30 Aug

Poker Rules: Omaha Hi-Low 8 or Better

Beginner’s Guide: How to Play Omaha 8 (Hi-Low)

How to Play Omaha 8 Hi-Low The WheelOmaha Hi-Low, (aka Omaha 8 or Better, or simply Omaha 8), is a unique Hold’em variant in which players take part in two hands at once. The game follows all the basic rules of Omaha Hold’em, wherein players compete to develop the highest ranking poker hand using exactly 2 (of 4) hole cards, and 3 (of 5) community cards. However, once that’s decided, players then attempt to create a winning low hand; again using 2 hole cards and 3 community cards.

If you’re already familiar with the standard, High version of Omaha Poker, you’ll have no problem picking up on the rules of Omaha 8 or Better. If not, we suggest learning the rules of that game first, then returning here to continue. The following link will open in a new browser, for your convenience.

How to Play Omaha Hi-Low 8 or Better

Omaha 8 is generally recommended for more advanced poker players, simply because it requires the calculation of two hands at the same time. One is the traditional High hand, which—if you took our advice above—you should already know how to play.

If everyone folds before reaching a showdown, the remaining player will win the entire pot. There will be no evaluation of Low hands. Otherwise…

At the showdown, the winner of the High hand will collect half of the pot. If the pot cannot be evenly split, the extra chip goes to the High hand winner, as well.

Next comes evaluation of Low hands. If no player actively remaining in the game (players who have not folded) has a qualifying low hand, the winner of the High hand will collect the whole pot.

Qualifying Low Hand

Omaha Hi-Low is known as ‘8 or Better’ because the low hand must contain 5 cards with a value of 8 or better. Since this is a Low game, better means lower. Therefore, the only eligible cards are:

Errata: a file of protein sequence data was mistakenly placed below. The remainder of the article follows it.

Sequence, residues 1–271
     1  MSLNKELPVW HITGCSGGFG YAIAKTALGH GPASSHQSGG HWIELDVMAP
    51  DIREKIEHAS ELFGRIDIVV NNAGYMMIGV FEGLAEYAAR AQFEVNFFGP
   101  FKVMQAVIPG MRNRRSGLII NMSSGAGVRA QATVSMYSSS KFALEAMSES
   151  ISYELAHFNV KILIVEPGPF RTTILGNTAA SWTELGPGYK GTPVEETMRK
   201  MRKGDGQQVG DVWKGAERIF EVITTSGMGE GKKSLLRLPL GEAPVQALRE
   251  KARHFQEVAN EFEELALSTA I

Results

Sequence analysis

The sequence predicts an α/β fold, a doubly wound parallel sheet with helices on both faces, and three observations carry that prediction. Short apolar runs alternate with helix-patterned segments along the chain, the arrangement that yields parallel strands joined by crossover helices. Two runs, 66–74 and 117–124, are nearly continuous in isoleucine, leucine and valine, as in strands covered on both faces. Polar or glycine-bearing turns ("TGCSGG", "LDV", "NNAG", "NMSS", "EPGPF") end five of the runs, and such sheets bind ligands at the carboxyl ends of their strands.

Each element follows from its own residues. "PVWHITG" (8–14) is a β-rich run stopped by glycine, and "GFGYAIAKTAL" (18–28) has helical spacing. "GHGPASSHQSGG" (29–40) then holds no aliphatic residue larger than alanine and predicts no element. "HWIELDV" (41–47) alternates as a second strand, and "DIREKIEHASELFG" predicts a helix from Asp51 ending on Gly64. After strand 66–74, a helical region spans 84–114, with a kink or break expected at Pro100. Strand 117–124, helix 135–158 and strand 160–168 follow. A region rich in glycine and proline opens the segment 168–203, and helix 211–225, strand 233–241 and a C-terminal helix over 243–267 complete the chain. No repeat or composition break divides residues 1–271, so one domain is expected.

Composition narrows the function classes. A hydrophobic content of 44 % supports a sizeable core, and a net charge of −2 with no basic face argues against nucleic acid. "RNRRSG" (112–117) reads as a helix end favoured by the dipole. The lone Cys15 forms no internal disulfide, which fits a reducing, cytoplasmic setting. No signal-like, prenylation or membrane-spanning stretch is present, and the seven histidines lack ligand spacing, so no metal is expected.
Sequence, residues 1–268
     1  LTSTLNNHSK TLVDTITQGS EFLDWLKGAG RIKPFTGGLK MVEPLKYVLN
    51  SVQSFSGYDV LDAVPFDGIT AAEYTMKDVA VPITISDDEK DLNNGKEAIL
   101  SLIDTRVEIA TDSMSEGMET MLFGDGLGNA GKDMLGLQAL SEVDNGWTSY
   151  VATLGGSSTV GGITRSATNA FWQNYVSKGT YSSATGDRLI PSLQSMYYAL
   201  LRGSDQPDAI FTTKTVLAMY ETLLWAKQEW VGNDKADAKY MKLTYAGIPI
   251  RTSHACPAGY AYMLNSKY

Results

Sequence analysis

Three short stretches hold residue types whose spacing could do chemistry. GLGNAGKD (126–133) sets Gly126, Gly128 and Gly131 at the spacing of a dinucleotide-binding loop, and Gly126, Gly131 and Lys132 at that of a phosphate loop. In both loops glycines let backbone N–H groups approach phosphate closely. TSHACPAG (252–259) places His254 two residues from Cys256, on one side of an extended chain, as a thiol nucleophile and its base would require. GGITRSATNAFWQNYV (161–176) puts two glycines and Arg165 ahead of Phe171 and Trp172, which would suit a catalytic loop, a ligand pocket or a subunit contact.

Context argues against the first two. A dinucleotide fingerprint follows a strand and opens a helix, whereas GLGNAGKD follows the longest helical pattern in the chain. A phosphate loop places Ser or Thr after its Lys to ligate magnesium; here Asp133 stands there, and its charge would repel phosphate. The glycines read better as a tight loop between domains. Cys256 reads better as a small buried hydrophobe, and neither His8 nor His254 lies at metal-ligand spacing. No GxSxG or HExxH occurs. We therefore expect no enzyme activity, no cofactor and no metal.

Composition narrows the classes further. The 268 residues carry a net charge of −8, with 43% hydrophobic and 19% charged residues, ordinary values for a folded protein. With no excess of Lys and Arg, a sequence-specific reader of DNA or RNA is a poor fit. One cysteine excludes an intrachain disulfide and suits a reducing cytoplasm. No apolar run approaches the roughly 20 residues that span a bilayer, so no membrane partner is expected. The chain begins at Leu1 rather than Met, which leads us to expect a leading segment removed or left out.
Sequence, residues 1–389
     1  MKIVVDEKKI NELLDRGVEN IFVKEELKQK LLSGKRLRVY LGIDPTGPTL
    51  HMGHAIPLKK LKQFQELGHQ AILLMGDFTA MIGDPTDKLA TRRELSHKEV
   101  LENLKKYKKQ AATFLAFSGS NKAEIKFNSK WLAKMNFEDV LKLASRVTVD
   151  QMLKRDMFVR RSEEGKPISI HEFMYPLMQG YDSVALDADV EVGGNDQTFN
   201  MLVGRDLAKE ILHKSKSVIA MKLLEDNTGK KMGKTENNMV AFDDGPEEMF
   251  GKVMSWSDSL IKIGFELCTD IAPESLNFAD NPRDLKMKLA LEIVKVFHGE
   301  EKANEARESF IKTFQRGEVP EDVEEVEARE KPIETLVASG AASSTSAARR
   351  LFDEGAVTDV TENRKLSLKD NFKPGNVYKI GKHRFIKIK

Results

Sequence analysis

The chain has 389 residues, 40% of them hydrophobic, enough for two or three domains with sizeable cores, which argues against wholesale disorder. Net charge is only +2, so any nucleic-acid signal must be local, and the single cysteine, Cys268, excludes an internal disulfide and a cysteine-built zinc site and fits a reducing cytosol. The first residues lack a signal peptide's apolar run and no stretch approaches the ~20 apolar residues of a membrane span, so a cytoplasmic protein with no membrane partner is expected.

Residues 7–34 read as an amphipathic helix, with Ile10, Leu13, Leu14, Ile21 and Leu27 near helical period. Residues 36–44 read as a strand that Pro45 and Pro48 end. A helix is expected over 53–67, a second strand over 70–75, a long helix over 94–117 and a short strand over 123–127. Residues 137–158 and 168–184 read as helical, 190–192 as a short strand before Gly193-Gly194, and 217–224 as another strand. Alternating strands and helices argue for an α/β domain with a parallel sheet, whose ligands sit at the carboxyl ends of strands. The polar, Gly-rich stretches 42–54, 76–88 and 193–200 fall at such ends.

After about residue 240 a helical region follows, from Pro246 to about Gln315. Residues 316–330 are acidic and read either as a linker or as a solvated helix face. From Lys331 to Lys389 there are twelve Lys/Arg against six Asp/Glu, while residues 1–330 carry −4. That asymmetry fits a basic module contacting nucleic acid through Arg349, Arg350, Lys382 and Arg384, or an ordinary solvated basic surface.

A, 2, 3, 4, 5, 6, 7, 8

Clearly, not every player is going to have a qualifying Low hand. If you are unable to put together a qualifying 5-card hand you will not be eligible to compete for the second half of the pot. Like the High hand, the Low hand must be made up of exactly 2 hole cards and 3 community cards, but they do not have to be the same 2+3 cards used in the High hand.

Straights & Flushes Don’t Count

This is very important. When developing a Low hand, Straights and Flushes will not count against you. A 5-card hand in sequence, such as 3-4-5-6-7, is nothing more than a qualifying 7-High hand, even if it’s all spades, all hearts, etc.

Hand ranks that will count against you, however, are pairs, sets, and quads. If you’re holding 2-2-4-5-7, that’s a Pair of 2s. A Pair of 2s is stronger than the highest (worst) possible qualifying hand of 4-5-6-7-8 (8-High), and will not qualify for a Low hand.

“The Wheel”

The Wheel is a very special hand in Omaha Hi-Low; often considered the best hand one can possibly receive. It consists of:

A-2-3-4-5

Not only is this the lowest possible hand for the Low side of the pot, it’s also a strong Straight for the High side. It won’t guarantee you a win on the High hand (unless it happens to be all same-suit, Straight Flush—that’s pretty hard to beat!), but it will guarantee a win on the Low hand, or at least a tie for the win.

Determining the Winner

The winner of the Low hand will be the player with the lowest qualifying hand. First, the highest card is compared. If that ties, the next highest card is compared (similar to a Kicker, but in reverse, low instead of high). If Player 1 holds 8-7-6-5-4, and Player 2 holds 8-7-6-5-3, Player 2 wins because his 3 is lower than his opponent’s 4.

If two or more players have an exact tie for the Low hand in Omaha 8, rules designate that those players will split the Low half of the pot. The same goes for ties on the High hand, of course.

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